hit

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Hit

A unit measuring a person or IP address visiting a website. In general, the more hits a website generates, the higher revenue it earns from advertising and other sources.
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hit

1. To sell a security at a bid price quoted by a dealer. For example, a trader will hit a bid.
2. To lose money on a trade. For example, a dealer may take a hit on the holdings of Moore's Fried Foods' common stock.
Wall Street Words: An A to Z Guide to Investment Terms for Today's Investor by David L. Scott. Copyright © 2003 by Houghton Mifflin Company. Published by Houghton Mifflin Company. All rights reserved. All rights reserved.
References in periodicals archive ?
Using Mechanical Turk as a subject recruitment tool for experimental research.
The importance of assessing clinical phenomena in Mechanical Turk research.
(2016): "Research in the Crowdsourcing Age, a Case Study: How Scholars, Companies and Workers Are Using Mechanical Turk, a "Gig Economy" Platform, for Tasks Computers Can't Handle", PewInternet.org.
High-profile companies like Uber, TaskRabbit, or Amazon Mechanical Turk only account for less than a million workers altogether, but credible estimates (Steinmetz, 2016) indicate that 131.5 million U.S.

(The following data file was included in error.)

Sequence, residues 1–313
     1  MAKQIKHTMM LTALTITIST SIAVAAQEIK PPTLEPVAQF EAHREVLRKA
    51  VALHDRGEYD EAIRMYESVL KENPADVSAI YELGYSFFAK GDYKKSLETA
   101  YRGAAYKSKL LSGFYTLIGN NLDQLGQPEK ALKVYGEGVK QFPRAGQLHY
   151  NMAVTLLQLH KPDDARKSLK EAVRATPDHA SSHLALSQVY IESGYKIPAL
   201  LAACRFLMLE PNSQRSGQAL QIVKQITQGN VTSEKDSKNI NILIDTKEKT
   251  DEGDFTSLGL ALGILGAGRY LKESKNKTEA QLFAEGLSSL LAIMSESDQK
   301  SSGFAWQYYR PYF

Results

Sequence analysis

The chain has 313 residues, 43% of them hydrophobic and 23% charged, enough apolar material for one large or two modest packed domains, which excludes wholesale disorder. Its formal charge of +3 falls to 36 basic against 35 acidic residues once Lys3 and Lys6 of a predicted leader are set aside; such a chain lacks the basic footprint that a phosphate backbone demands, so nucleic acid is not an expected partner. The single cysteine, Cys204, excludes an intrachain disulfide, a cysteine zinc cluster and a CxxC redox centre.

There were various methods for participant recruitment: 1) Snowball and referral techniques via social media (i.e., Facebook, and Twitter); 2) Amazon's Mechanical Turk; 3) Flyers handed out at bars/posted in community areas in the Greater Toronto Area (GTA), New York, Stuttgart, Berlin, Barcelona, and Paris; and 4) Gay men and other MSM were also recruited in the Toronto area using Squirt.org.
ABBREVIATIONS AMT: Amazon Mechanical Turk FSU: Florida State University STORM: Stormfront.org APPENDIX A
Gosling, "Amazon's mechanical Turk: a new source of inexpensive, yet high-quality, data?" Perspectives on Psychological Science, vol.
Mechanical Turk workers toil at home, transcribing audio, typing in details of receipts, or inspecting YouTube videos for profanity.
Those with acceptable work were compensated US $0.75 through Mechanical Turk. Of these participants, 84 identified their country of origin as India (95% Asian, 1% Caucasian, 1% Pacific Islander, 3% Other), 126 identified their country of origin as the United States (82% Caucasian, 9% African American, 6% Hispanic, 2% Asian, 1% Mixed Race, 1% Other), and the countries of origin for the remaining 25 were various other countries around the world.
"This online piecework, or 'crowdwork,' represents a radical shift in how we define employment itself." She tells the story of a young Indian entrepreneur and temp worker who organized a crew to manage digital tasks for Amazon Mechanical Turk. Such subcontracting can violate agreements, and the companies often have clauses allowing them to close accounts and deny payments "for any reason." Researchers suggest that about one-third of all jobs in the United States could be so taskified before 2050.

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